Would you rather be Juicero that raised $100M and went bankrupt within a year of its Series C, or Zoom, which took almost 8 years to take on more funding than $30M and is now one of the most profitable and highly sought after “unicorns” in the valley?
On top of consistency, greatness comes from asking the right questions and iterating to learn what inputs drive favourable outputs, and ideally why. “Greatness” comes from an identified or researched process that when followed, has some degree of certainty in the outcome.
“Moving fast and breaking things” is not a strategy, unless you are clearly defining a process of learning so that in the future, you can “move fast and break less of the same things”.
A Habit of Progression
“The definition of insanity is doing the same thing over and over again, but expecting different results.” - Albert Einstein
Understand that in order to achieve the things you want in life, you’ll need to establish a habit of progression. You literally need to become good at being decent.
There is one thing to clarify: this habit of progression must come with the right inputs. Being consistent with something leading you in the wrong direction, will unsurprisingly lead you in the wrong direction. So if this is the way you are constantly moving (excluding short periods of local minima), pivot until you determine what the right inputs are. I recently stumbled upon a concept of zero acceleration, but non-zero velocity, which encapsulates this idea well.
Before you find the path that you want to double down on, this habit of progression takes the form of iteration. I see many people who are stuck in this stage and feel like they’re moving nowhere. Perhaps they go take a degree for a year and find that wasn’t right. Maybe they go and work for a company for two more and realize that wasn’t right either.
If you’re struggling to identify the right path, create more nodes of optimization. For example: if you’re making changes every year, you only have maybe 80 in your entire life to make. Instead, try testing things intentionally every month or even every week. Pilot a lot and then double down when you have found your path towards “good”.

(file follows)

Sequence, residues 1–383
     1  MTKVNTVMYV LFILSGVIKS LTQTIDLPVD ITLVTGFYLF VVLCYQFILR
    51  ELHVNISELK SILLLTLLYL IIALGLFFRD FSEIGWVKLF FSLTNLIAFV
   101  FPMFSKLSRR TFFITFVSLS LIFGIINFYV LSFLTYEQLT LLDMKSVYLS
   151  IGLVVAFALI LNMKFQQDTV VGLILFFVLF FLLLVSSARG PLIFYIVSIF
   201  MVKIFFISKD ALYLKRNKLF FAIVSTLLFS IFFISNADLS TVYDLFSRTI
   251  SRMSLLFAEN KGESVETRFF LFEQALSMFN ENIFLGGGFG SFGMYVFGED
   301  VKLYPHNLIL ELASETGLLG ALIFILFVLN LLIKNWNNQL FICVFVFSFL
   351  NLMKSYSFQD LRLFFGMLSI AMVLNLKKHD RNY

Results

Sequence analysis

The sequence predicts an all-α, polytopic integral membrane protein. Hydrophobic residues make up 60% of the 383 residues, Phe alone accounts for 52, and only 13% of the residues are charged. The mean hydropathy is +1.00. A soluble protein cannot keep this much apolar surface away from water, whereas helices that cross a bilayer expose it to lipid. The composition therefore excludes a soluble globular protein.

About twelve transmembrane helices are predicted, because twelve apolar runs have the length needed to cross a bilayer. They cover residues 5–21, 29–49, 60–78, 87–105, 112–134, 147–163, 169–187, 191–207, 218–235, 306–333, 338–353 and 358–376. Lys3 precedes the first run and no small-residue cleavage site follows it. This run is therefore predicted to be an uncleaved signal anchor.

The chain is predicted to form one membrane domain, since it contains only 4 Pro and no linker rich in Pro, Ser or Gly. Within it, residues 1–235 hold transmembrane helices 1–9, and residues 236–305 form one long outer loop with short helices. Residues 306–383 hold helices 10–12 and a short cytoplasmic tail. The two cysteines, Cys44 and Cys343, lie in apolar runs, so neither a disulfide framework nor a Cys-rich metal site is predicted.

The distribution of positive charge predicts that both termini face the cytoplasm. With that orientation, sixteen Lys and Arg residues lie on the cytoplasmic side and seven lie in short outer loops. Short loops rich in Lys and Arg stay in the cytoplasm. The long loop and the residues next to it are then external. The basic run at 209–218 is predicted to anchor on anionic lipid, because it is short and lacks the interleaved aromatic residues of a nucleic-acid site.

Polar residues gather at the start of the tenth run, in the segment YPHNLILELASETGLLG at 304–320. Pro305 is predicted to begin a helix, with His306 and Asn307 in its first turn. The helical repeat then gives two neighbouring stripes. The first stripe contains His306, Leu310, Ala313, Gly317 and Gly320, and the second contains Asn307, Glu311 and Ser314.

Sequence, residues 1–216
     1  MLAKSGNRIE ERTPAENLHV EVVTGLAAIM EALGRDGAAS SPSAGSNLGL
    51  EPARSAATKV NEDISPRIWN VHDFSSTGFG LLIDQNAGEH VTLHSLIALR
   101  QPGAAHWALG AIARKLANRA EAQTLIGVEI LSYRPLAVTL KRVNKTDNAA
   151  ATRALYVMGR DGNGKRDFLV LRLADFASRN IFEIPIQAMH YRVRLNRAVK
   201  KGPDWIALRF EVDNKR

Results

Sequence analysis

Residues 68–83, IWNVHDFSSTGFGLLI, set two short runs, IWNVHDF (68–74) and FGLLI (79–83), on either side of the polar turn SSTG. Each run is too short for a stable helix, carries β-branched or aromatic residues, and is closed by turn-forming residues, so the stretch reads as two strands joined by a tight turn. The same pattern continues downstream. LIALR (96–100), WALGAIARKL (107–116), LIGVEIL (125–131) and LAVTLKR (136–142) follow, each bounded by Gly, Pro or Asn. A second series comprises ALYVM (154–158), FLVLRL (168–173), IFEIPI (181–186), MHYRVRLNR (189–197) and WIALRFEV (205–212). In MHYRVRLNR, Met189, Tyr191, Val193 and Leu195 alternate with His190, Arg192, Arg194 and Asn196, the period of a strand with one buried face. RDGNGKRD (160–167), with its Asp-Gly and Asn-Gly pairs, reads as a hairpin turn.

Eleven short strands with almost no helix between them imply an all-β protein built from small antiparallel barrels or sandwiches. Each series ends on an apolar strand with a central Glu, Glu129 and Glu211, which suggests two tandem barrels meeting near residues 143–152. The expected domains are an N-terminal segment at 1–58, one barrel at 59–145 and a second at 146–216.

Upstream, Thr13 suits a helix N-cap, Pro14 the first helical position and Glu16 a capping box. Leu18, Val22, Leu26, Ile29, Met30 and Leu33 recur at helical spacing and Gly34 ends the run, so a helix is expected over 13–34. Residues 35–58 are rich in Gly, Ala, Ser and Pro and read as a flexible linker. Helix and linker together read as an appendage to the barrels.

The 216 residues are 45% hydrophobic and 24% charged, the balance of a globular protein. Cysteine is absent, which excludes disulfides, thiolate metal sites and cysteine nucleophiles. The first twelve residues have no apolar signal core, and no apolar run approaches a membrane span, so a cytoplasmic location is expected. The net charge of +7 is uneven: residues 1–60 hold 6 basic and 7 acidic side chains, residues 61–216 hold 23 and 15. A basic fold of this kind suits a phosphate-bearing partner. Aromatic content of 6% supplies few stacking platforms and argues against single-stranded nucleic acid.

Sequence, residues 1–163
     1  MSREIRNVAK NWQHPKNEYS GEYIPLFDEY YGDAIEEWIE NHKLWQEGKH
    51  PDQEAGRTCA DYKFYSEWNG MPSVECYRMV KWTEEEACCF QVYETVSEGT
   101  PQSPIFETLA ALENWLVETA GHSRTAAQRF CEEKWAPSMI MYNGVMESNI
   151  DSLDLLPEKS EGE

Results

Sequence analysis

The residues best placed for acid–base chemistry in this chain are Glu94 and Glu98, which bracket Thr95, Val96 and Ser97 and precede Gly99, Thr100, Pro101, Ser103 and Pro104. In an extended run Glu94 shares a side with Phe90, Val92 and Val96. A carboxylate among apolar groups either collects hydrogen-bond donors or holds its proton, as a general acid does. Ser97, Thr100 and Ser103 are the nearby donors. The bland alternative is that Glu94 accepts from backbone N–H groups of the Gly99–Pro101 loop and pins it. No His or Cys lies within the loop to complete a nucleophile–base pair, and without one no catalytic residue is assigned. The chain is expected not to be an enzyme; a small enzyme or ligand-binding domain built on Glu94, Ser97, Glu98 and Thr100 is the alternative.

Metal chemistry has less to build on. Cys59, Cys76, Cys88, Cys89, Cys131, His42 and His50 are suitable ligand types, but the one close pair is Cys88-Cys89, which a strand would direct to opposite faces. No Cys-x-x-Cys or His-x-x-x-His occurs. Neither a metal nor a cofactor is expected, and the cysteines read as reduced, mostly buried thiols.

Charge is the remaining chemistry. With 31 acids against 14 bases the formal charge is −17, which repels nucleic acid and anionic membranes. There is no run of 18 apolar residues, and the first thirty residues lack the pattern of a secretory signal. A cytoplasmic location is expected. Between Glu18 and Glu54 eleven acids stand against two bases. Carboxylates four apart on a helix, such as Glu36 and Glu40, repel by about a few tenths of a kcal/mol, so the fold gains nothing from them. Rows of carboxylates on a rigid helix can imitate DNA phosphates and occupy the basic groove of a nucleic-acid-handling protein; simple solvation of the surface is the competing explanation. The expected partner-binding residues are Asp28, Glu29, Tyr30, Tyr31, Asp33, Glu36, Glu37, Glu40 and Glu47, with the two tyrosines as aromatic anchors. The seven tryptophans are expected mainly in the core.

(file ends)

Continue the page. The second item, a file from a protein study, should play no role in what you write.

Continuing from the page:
You may ask, “what makes good, good?”. Ask yourself the question: “If I were to continue this every day for the next year, would I be in a better place?” If the answer is yes, you have a path towards “good”.
Once you have found your inputs, then you’re in a good place to turn those inputs into the right habits through deliberate practice. Ie: you’ll be in a place to shift from good to great.
This process of shifting between iteration and consistency is all part of developing a habit of progression. Once you make this habit your north star, you are no longer dependent on that “one big break” or that one company to “finally give you a chance”.
And finally, if you’re reading this advice and think, “I’ve heard this before”, then ask yourself whether you’ve truly acted on this advice. When is the last time you truly iterated and tried new things? When is the last time you found something good and then truly stuck to it for years?
Two Steps Out
While you’re moving towards “greatness”, keep in mind that it will likely happen slowly and that’s okay.
When I think about the growth trajectory of my life and similarly, anyone that I’ve been close with, changes have always happened slowly. Whether it was a close family member falling into deep mental illness or friends building businesses to near-unicorn valuations, nothing ever happened overnight. Even more notably, no one would have ever expected those outcomes years prior.
In the grand scheme of things, I think it’s because you can only ever see two steps out. What do I mean by that?
Say that in life there are 100 tiers of happiness. Of course, life is more complicated and dynamic than this view, but bear with me for a minute. Let’s say that you’re on “Tier 57”. You may be able to see Tier 58 and 59, but I think it’s nearly impossible to fully empathize or even comprehend level 21 and similarly 89, unless of course you’ve been there before. Even if you have, it becomes a distant memory that’s difficult to fully internalize. Remember, the Hedonic treadmill is almost always at play.
Why is this important? Everyone wishes to elevate their life and in association, their happiness. For us to reach these top tiers, we cannot hope for this to just happen. We must expose ourselves to various inputs that may lead to better outputs, and train ourselves to recognize what’s working.